Take a pint and a half of cold stewed pumpkin, and mix into it a pint and a half of Indian meal, adding a table-spoonful of ground ginger. Boil a quart of milk, and as soon as you take it from the fire, stir into it a pint of West India molasses. Then add to it gradually the mixture of pumpkin and corn meal, and stir the whole very hard. It will be much improved by adding the grated yellow rind of a large orange or lemon. Have ready over the fire a large pot of boiling water. Dip your pudding-cloth into it; shake it out; spread out the cloth in a broad pan: dredge it with flour; pour the mixture into it, and tie it fast, leaving about one-third of the space for the pudding to swell. Boil it three hours or more - four hours will not be too long. Turn it several times while boiling. Replenish the pot as it boils, with hot water from a kettle kept boiling for the purpose. Take up the pudding immediately before it is wanted for table - dip it a moment in cold water, and turn it out into a dish. Eat it with butter and molasses.

This pudding requires no eggs in the mixture. The molasses, if West India, will make it sufficiently light.

What is left may bo tied in a cloth, and re-boiled next day.

A Backwoods Pot-Pie

Put a large portion of yellow Indian meal, (with a very little salt,) into a deep pan, and pour on scalding water, (stirring it in as you proceed,) till you have a soft dough. Beat and stir it long and hard, adding more corn meal, till the dough becomes stiff. It will be improved by mixing in a little wheat flour. When it is cool enough to handle, knead it a while with your hands. Take off portions of the dough or paste, and form them into flat, square cakes. Take a large pot; grease the sides with a little good dripping or lard, and line them with the cakes of corn meal. Have ready some fresh venison cut into pieces, and seasoned with a little salt and pepper. Put some of it into the pot, (adding some water to assist in the gravy,) and cover it with a layer of corn cakes. Then more venison, and then more cakes, till the pot is nearly full. The last layer must be a large cake with a slit in the middle. Set it over the fire, and let it boil steadily till the whole is thoroughly done. Then take it up, and dish it together, meat and paste.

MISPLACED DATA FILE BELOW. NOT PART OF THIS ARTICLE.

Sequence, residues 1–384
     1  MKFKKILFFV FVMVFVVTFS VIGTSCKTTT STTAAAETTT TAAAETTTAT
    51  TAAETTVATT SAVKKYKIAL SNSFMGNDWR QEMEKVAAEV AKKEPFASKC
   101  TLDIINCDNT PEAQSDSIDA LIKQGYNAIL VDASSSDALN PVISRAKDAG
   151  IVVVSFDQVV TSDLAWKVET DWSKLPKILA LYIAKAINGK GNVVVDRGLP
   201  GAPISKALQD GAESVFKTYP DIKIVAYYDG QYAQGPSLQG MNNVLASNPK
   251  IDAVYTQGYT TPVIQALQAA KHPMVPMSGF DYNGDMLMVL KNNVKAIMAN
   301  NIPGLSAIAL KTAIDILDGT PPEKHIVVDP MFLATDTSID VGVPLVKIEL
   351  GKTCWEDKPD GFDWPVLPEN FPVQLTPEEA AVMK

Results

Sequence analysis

The paste that is to line the sides of the pot should be thinner than that which is to be laid among the meat. Put no paste at the bottom.

If you have any cold drippings of roast venison, you may mix some of it with the corn meal, as shortening.

Sweet potatoes sliced, and laid among the meat, will improve this pie.